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Tax & Assurance Guidance

Employee Benefit Plan Implications of the Tax Cuts and Jobs Act

Posted on February 28, 2018 by

Dave Van Damme

Dave Van Damme

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While the business and individual provisions of the Tax Cuts and Jobs Act (TCJA) are currently the focus of attention for many, those responsible for employee benefit plan administration need to be aware of the TCJA provisions that impact day-to-day employee benefit plan administration. As the TCJA was implemented January 1, 2018, it’s imperative that administrators act now to review plan operations and ensure compliance.

Changes to Taxable Wages
Several items that were previously excluded from taxable wages are now required to be included in gross wages and subject to taxes. These items include the following:

  • Employee achievement awards
    Non-cash awards given to employees under a qualified employee achievement plan are excluded from taxable wages up to $1,600 per year. As a result of the TCJA, cash, cash equivalents, gift cards, event tickets, and other similar items awarded to employees are no longer exempt. Any such items awarded to employees must now be included in taxable wages.
  • Moving expense reimbursements
    Except in the case of an armed forces member on active duty who is moving pursuant to a military order, these reimbursements are now included in taxable wages.
  • Employee bicycle commuting reimbursements of up to $20 a month
    These reimbursements are now included in taxable wages without exception.

Plan administrators should review their unique definition of eligible plan compensation outlined in their plan documents and ensure that amounts now considered taxable wages are included in 401k deferral calculations as necessary.

For example, if a company had eligible plan compensation of “W-2 wages” with “no exclusions” outlined in any of their plan documents, consider the following employee scenario:

Base W-2 wages: $50,000
Moving expense reimbursement: $2,500
Employee 401k deferral % 5%
Employer 401k match % 2.5%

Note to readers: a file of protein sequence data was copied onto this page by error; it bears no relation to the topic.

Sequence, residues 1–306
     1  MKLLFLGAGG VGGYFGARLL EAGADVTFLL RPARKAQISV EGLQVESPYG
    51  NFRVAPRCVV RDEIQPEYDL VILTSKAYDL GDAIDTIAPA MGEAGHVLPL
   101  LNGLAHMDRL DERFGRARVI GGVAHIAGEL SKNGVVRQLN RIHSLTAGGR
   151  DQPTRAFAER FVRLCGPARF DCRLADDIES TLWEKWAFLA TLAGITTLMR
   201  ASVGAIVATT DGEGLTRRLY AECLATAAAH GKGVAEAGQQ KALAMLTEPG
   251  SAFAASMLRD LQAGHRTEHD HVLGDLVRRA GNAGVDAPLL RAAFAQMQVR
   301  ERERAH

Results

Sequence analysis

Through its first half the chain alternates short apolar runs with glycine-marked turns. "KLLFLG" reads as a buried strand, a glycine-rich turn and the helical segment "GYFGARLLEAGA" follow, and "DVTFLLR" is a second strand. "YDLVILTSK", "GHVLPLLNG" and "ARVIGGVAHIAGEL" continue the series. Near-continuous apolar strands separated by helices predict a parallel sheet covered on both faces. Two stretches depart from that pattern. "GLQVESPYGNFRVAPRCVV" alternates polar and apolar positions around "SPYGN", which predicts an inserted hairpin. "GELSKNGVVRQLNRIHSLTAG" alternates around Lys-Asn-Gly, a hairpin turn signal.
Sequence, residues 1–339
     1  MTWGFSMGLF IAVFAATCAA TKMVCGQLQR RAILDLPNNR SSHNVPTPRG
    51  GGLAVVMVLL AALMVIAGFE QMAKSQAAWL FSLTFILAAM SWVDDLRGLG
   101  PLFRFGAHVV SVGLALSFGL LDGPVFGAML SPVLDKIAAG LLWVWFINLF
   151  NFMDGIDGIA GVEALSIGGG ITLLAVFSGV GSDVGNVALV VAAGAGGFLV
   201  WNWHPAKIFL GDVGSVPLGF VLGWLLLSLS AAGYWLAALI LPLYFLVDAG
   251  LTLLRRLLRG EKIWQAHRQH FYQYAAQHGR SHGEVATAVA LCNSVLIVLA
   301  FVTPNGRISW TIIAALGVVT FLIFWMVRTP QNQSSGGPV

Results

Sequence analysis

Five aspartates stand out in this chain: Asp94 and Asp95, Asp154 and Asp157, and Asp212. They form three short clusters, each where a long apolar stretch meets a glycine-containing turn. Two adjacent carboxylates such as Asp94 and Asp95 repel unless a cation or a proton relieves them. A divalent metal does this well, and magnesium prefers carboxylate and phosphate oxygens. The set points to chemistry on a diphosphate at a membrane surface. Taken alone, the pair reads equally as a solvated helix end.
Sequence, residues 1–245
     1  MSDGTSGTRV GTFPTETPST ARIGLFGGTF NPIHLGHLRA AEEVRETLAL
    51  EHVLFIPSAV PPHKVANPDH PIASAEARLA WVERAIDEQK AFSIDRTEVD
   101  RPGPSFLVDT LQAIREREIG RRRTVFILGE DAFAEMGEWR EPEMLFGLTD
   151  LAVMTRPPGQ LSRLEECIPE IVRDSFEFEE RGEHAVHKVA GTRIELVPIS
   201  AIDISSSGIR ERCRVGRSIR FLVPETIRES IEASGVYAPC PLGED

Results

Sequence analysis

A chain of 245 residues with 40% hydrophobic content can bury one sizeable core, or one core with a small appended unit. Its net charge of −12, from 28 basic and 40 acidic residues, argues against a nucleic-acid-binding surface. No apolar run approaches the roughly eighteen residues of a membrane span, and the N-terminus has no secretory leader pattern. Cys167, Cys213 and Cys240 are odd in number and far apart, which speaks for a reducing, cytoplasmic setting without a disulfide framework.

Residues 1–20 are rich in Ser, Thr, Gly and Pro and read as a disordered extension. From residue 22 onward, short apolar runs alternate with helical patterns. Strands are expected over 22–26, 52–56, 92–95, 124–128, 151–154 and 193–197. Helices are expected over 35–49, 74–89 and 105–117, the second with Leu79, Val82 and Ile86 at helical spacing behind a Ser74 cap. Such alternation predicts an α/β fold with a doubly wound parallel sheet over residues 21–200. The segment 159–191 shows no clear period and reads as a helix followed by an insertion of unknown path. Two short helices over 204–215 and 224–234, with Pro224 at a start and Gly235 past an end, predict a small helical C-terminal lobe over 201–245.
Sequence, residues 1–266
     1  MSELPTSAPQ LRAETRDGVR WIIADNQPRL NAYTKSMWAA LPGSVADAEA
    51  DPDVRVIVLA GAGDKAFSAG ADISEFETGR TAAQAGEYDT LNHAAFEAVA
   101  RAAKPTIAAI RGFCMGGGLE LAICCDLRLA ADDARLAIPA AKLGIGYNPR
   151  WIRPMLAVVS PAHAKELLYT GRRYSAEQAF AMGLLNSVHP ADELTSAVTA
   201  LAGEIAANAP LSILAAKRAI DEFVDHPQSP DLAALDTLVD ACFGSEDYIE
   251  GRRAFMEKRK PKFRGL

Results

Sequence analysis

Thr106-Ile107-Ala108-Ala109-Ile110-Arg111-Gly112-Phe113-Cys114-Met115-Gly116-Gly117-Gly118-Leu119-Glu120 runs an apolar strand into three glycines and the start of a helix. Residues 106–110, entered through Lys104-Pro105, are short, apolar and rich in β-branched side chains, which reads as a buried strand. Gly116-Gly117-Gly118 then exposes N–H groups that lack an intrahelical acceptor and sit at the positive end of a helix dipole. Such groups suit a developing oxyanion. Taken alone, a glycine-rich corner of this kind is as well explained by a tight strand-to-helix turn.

W-2 Wages $50,000 $52,250
EE 401k deferral required $2,500 $2,625
ER 401k deferral required $1,250 $1,313

Loan Transfer Following Termination of Employee or Plan
Certain employees who have taken a loan from an employee benefit plan now have an extended timeline to avoid taxable distribution treatment of the loan amount. Rather than only 60 days, plan participants who have either separated from employment or whose plan terminates now have until the due date for filing their tax return (including extensions) to contribute the loan amount to an IRA to avoid a taxable distribution.

This extended timeline should be communicated to employees in the event of an employment or plan termination, but otherwise will not affect the day-to-day plan administration.

Plan of Action
As a result of the TCJA, previously excluded items are now included in taxable wages. Plan administrators should review their specific plan provisions to ensure that the wages used in deferral calculations and the plan’s annual compliance testing are accurate following the TCJA changes.

Our employee benefit team is always ready to help. Please contact us for more information.

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Dave Van Damme


Leading the firm's advisory & assurance group, Dave supports closely held businesses with audits, financial reporting and fraud analysis.

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